The snow leopard is one of the species the Wildlife Conservation Society is working to protect in Afghanistan. Photo by Julie Larsen Maher/WCS.
It's easy to be cynical or pessimistic about the spotting of a rare type of bird, the creation of a national park, or the establishment of a protected species list in a country such as Afghanistan. Where violence and poverty are rife, why should time, money, and energy be spent protecting animals or landscapes? Isn't such work at best futile, at worst detracting from meeting real needs? To such questions, the founder of the Wildlife Conservation Society (WCS)'s Afghanistan Program has offered a compelling defense.In the midst of its suffering, WCS Asia Program Deputy Director Peter Zahler writes:
Afghanistan contains a surprising diversity of life, with 10 species of hoofed mammals -- ranging from delicate gazelles to giant Marco Polo sheep -- and nine species of wild cat.... Conservation in Afghanistan matters to the world, and it matters for more than just wildlife: it can provide a way for post-conflict rural communities to manage their natural resources.
Rural Resource Management Gone Awry
More than anyone else, Zahler writes, poor and rural communities are "directly dependent upon environmental services" -- clean water to drink and cook with, enough forests to provide firewood and building materials, and healthy grasslands on which to graze their livestock. War not only takes lives but also destroys "local infrastructure such as water channels, crop fields, storage buildings, local markets, and roads" and causes "historic systems of resource management [to] crumble" as desperate people level forests and overgraze grasslands.
The WCS sees its work in Afghanistan as an effort to fill this "governance gap," by helping create the institutions needed to protect both the natural environment and the vulnerable people who depend on it. Though 80 percent of Afghans live in rural parts of the country, little reconstruction aid has reached areas outside the capital city of Kabul. "If local environmental degradation continues, people will no longer be able to carve a living out of the fragile steppe, desert, and mountains," Zahler writes. "Poverty will spread, communities and cultural practices will dissolve, and rural migration will further destabilize neighboring communities and regions."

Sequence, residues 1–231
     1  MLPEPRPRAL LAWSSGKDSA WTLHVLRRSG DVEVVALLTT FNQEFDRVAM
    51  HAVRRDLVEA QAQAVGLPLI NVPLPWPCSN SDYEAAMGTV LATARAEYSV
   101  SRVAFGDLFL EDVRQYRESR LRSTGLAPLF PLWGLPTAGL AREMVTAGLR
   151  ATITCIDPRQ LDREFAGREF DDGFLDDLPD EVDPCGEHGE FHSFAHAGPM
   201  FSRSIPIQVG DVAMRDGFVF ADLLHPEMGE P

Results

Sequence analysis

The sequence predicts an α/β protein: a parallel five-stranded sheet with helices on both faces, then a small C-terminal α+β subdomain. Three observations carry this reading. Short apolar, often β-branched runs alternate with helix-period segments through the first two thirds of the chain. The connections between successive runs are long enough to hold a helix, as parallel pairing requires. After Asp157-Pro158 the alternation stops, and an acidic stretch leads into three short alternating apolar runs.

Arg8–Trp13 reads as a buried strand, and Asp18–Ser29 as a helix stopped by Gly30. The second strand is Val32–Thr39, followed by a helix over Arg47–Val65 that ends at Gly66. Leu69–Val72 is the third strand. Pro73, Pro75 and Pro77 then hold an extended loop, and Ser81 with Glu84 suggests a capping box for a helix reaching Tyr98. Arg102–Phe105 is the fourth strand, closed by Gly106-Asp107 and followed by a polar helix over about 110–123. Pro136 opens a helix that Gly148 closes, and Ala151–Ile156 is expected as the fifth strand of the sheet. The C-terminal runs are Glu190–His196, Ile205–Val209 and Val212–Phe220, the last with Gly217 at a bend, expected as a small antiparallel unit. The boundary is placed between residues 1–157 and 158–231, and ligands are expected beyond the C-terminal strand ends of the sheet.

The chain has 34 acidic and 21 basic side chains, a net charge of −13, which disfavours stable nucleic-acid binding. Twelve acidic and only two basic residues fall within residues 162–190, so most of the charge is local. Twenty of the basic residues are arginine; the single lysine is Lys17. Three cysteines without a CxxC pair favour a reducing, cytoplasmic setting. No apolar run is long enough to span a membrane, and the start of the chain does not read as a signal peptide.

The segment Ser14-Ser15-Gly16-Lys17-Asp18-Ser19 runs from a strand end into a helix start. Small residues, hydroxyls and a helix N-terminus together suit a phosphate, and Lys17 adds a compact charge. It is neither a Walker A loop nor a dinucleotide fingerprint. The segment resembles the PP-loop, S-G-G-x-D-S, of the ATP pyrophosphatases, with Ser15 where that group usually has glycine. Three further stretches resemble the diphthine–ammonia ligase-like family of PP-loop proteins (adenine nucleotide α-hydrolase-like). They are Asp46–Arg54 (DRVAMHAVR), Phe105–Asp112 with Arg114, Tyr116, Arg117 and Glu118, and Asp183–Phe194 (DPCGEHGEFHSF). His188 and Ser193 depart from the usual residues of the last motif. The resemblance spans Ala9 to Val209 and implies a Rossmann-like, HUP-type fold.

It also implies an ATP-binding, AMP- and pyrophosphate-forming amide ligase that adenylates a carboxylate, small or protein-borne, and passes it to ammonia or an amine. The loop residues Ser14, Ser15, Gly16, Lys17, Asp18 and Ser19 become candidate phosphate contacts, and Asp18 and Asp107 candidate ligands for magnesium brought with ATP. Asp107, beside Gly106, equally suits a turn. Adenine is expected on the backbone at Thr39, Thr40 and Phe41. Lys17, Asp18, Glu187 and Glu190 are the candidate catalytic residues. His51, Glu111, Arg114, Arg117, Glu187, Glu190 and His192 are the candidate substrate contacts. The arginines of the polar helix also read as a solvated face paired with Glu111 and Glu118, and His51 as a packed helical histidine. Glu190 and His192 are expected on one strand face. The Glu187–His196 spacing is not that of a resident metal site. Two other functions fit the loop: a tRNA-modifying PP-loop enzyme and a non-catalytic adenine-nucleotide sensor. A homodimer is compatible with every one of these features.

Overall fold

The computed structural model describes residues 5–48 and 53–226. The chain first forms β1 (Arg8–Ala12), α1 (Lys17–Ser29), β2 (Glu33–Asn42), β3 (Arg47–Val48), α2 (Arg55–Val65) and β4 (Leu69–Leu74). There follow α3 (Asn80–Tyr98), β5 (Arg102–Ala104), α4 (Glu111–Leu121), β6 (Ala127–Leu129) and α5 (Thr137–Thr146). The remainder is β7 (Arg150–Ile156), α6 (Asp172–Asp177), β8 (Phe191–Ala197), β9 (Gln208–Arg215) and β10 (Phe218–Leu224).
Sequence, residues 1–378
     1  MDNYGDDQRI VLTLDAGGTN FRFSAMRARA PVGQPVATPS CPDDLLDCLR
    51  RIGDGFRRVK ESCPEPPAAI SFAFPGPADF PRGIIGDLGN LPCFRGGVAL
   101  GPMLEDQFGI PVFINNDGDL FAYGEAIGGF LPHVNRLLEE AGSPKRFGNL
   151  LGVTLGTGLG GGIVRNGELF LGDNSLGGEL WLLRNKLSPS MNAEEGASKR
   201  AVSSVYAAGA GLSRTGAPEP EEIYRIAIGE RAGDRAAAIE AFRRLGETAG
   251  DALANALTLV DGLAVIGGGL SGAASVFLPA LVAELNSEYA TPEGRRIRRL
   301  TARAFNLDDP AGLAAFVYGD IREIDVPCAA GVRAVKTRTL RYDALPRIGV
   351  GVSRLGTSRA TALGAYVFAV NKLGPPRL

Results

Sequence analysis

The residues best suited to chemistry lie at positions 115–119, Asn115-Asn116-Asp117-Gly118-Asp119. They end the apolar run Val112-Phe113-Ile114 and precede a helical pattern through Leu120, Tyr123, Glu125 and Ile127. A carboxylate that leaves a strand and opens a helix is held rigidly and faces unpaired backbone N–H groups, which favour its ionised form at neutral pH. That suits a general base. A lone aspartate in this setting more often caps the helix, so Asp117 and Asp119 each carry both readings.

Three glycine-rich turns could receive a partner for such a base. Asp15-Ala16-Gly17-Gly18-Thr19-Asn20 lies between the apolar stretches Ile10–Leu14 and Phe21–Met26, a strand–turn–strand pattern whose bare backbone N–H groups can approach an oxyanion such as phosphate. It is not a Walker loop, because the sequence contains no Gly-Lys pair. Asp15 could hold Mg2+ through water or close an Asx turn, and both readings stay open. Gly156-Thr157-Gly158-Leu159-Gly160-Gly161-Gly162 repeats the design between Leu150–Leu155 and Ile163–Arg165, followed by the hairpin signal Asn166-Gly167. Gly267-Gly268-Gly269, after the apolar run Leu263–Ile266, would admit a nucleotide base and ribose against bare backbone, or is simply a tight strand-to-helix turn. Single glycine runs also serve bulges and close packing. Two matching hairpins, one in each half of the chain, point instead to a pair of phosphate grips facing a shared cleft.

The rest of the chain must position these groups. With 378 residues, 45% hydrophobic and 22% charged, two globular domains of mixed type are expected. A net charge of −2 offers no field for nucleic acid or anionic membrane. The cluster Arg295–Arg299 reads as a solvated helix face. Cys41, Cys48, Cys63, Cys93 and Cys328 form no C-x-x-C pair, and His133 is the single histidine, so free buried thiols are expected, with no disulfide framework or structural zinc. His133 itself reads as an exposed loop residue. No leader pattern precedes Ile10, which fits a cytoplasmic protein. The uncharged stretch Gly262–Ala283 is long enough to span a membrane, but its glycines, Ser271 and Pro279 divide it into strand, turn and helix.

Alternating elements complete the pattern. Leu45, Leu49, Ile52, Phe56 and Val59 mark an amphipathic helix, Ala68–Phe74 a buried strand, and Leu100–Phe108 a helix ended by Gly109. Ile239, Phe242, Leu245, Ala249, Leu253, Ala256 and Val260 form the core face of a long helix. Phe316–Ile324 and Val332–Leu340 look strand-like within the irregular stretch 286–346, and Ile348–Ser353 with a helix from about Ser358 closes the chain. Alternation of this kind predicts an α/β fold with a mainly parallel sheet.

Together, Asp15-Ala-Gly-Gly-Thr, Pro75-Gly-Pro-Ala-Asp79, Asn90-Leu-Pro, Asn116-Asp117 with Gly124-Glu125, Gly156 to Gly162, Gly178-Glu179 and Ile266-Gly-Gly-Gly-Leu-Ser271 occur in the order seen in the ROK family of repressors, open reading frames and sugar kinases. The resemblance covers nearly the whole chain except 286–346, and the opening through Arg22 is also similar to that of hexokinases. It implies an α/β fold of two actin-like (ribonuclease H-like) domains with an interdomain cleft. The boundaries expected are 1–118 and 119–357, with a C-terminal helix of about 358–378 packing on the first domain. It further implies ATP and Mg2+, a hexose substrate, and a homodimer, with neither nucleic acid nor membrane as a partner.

The Current 'State of the Wild'
Zahler's essay, "Conservation and Governance: Lessons from the Reconstruction Effort in Afghanistan," appears in the organization's third State of the Wild collection of writings on what the WCS terms "the world's most pressing conservation challenges." Though the essays cover everything from the status of forest elephants in Asia and Africa to the importance of ocean ecosystems, the book places a special focus on war and other human conflicts and how they impact wildlife and wild places -- and how conservation can contribute to peace-building and reconstruction in post-conflict areas.
"Conservation requires a commitment to saving our natural wonders in times of war and peace," WCS President Steve Sanderson wrote in a statement announcing the book's recent release. "Conserving the world's wildlife and wild places is a part of ensuring long-term security. The essays in State of the Wild address this crucial connection."
More about conflict and the environment:
Nature Iraq's 'Second Creation Story' (Video)
Peace Could Prove Problematic For Migratory Birds
Linking Water, Conflict, Gender, and Migration: Day 2 at the World Water Forum
Conflict's Unexpected Link to Conservation
Wildlife Preserve Planned for Korean Demilitarized Zone
Massive Herds of Animals Discovered Flourishing in Southern Sudan